Sunday, April 24, 2016

Why do anything?

I can't make every thing better, so why bother making anything better? I can't solve the problem of world hunger, so why should I bother to recycle? Isn't it just too much to ask to ask me to try to change ANYTHING for the better if I can't change the world?

Many folks just give up making positive changes because the need is so overwhelming. Have you been to that point? Are you there now?

You know the old adage "The longest journey begins with the first step." But what if I can't even see the end of the journey? What if it is beyond my vision? Why even start if I know I can't finish?

I don't join marathons because I know I can't finish one. I can't walk that far. I can barely finish walking a tenth of a mile these days. What would be the point?

I don't know. What I do believe, though, is that if I keep walking the tenth of a mile until it becomes a quarter of a mile, I will feel good about doing it. And it will make me stronger. And I might even inspire someone else to do something that seems really hard to accomplish.

That's why I am walking more every week. It feels good. It makes me stronger. And it might inspire someone else to start walking or running or some other tough thing to do.

And I guess that is why I want to do things to change the world, even if they are small things. I can change the world for someone in some small way. That feels good. It makes me stronger. And I hope to inspire someone else to do it too.

Drops of water wearing away  the stone.

Sometimes the world's problems seem impossible to solve, improbable even. Just remember: nothing is as it seems. Grand Canyon was once a tiny crack. Have you SEEN Grand Canyon?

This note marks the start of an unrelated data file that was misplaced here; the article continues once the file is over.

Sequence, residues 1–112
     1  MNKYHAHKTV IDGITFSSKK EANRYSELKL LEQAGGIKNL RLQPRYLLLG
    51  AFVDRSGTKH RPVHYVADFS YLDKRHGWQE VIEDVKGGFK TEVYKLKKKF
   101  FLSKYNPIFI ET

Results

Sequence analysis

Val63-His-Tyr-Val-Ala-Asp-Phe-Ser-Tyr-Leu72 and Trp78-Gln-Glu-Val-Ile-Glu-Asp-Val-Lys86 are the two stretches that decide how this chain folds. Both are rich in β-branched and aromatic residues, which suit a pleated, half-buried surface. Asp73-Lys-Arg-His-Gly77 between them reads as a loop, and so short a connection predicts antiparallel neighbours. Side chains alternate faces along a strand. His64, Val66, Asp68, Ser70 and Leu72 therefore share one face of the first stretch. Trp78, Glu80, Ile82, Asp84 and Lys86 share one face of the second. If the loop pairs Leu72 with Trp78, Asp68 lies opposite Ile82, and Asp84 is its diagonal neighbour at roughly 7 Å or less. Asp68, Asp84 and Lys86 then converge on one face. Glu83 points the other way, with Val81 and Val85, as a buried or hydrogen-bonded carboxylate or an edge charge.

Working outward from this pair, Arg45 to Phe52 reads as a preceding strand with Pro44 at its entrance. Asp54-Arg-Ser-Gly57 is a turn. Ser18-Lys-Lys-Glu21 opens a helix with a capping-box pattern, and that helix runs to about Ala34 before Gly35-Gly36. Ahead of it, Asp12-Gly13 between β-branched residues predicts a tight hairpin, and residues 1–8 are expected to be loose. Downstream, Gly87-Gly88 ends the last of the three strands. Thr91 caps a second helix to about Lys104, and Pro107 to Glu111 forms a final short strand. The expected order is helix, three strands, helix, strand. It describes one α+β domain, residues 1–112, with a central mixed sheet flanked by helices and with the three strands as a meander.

Yeah. You get it.

So why do you do what you do?

Today's daily dozen to-do list:

  • Gather a few neighbors to dopt an entrance to your neighborhood and periodically have a get-together to keep it weeded and cleaned up. Serve refreshments and make it a Saturday morning party!
  • Send cards or letters of appreciation to people you read about in the news who have done good deeds. Send kind thoughts to people you hear about in your community who have suffered a setback. Send "Thinking of You" cards to acquaintances who may be struggling with some issue in their life.
  • Write a note to the supervisor of someone who has been particularly helpful, letting him or her know how the employee helped you.
  • Collect stories from family members about kind acts, both given and received, and create a family scrapbook. If you have photos, include them with the stories. As years go by and as your children grow, all of yu can review the many ways that kindness has touched your family's life.
  • Spruce up the yard of a neighbor or friend who is ill or who has just had surgery or a death in the family.
  • Smile and say "hello" to someone you don't know.
  • Save box tops for education and donate to a local school, even if you don't have children.
  • Create or donate floral arrangements for a senior center, nursing home, police station, hospital or the home-bound.
  • Set aside a portion of your garden for a neighbor child to tend, and work in the garden together, offering ideas and expertise as you go. Or simply help a child start a vegetable plant, teach him or her how to tend it, and allow them to take the produce home.
  • Sponsor a "Kindness Zone" or "practice Random Acts of Kindness" sign at entrances to the downtown area of your community.
  • Put notes of encouragement in library books for someone else to find. [Don't write in the books, of course.]
  • Prepare treats for neighbors, emergency workers, mail carriers, coworkers, military personnel, or other community members, along with a note of appreciation. Drop off homemade baked goods to the nearest fire station, police station, emergency room, post office, etc.,  to let them know how much they are appreciated. 

No comments:

Post a Comment